7.25.2008

The story of my bush beans

My garden is not just a work of my own- I get help. Here's the story of my bean crop, as an example of how I'm relying on others' wisdom to make it through my first year!

The Seeds
Once upon a time, last fall, a kind blogger I recently had started reading said she had a bumper crop of beans that year, and wanted to save some seed and mail it out to willing takers. The house-buying adventure was in full swing at that point, and I knew I'd have a garden this year. I also knew I didn't want to mess with pole beans again, after last year's fiasco. I sent an email off to Katie in hopes of getting some bush bean seeds donated to my future garden! A few weeks later, the seeds showed up in the mail, in the cutest packets. Katie's now blogging at Two Frog Home.


handcrafted jewelry
The Planting & Growing
OK, this one I did on my own. The plants sprouted and grew happily. I shouldn't say I did this on my own- I may plant, but God did the watering and growing parts. I just stand by and watch in awe.

The Harvest
Stephanie provided tips for harvesting beans, and I sure did need them! I've tried to harvest every day or every other day to stay ahead of production, so the plants will keep producing. I also learned what she meant by "pick gently"- I've been careless and pulled entire branches off of plants! Josh has even helped me harvest some, too, and that makes the work go quicker (because I only have to do half as much of it!).


The Preservation
After harvesting for about a week & a half and realizing there's no way we'd be able to eat the beans at the rate the bushes produce (shoulda known that one), I asked my friend, half of the Farming Engineers, to teach me to can the beans last Friday. I met her at her house after work with 4 1-gallon Ziploc bags full of beans in tow, and we got busy canning. I was so glad to learn the process- to be honest, I was intimidated by the whole thing, but actually going through it with someone who knew what they were doing made it seem simpler. By the end of the night, we canned 19 pints of green beans (well, 22, but 3 didn't seal). These will last us a long while. And, I have two and a half more 1-gallon bags full of fresh beans in my fridge right now. These will probably end up being frozen- we're actively looking for a chest freezer- or given away (Beth!).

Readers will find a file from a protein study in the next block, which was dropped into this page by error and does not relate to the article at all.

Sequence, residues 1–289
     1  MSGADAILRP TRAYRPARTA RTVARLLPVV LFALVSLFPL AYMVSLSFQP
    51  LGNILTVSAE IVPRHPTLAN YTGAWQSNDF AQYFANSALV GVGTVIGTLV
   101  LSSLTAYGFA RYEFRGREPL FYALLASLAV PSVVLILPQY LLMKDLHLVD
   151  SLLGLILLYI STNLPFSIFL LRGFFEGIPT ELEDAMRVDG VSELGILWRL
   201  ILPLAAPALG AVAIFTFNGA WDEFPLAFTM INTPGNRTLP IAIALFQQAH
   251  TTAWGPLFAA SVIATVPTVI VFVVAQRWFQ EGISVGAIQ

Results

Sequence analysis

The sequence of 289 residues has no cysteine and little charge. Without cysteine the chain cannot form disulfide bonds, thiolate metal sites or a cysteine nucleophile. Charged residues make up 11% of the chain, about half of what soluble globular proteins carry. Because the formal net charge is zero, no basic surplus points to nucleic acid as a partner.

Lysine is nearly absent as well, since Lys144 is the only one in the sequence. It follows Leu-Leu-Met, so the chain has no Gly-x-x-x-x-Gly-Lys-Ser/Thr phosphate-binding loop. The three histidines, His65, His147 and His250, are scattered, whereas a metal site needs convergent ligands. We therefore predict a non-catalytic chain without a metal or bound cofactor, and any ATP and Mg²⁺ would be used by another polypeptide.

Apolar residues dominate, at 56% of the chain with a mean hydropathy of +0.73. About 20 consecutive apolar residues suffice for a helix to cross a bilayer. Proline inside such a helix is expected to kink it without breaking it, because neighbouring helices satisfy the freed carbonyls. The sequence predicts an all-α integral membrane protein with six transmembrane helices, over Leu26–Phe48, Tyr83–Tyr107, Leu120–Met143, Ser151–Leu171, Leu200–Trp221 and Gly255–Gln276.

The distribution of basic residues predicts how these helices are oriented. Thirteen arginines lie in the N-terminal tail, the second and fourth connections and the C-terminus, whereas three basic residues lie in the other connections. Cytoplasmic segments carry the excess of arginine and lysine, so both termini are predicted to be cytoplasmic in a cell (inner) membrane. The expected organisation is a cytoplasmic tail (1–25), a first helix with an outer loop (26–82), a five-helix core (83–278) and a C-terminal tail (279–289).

Bean production on the plants seems to be slowing, but who knows- maybe I've just caught up with it. In other garden news, raccoons keep stealing my corn, so I don't know if I'll have any at all. Pumpkins are forming. Sunflowers are blooming. I didn't get around to planting anything for the fall- I'm not sure if it's too late. And, amazingly, I'm already thinking of next year, with all that I've learned from my first stab at gardening this season!

5 comments:

Anonymous said...

Oh, how spoiled you will become with your personally canned beans! Growing up I never had any thing that wasn't grown from my grandma's garden. Even now I refuse to buy canned from the store. Because of time I will buy flash-frozen beans. God bless grandma!

Kathie said...

Yay! I'm so gosh darn excited that the beans have worked out for you. Congrats on canning them, too. I know we loved them all through the winter this past year. If you need a few pointers on saving the seed for yourself for next year, let me know. Beans are super easy seeds to save.

Joanna said...

Kathie-I KNEW you'd be proud of me for canning them :-P

When I get tired of harvesting the beans, I'll probably leave the remaining beans to dry to save seeds. That's what I've done with my pea plants, and I'm excited to see how that turns out.

Kiel said...

Hey Joanna!
If you're looking for a chest freezer, check out FreeCycle.org or Craig's List. Sometimes you come across one that's free or reasonably priced. :)

Joanna said...

Kiel- we got one last night for $50 on Craigslist. There was one on Freecycle a few days ago, but I wasn't fast enough calling about it :-P

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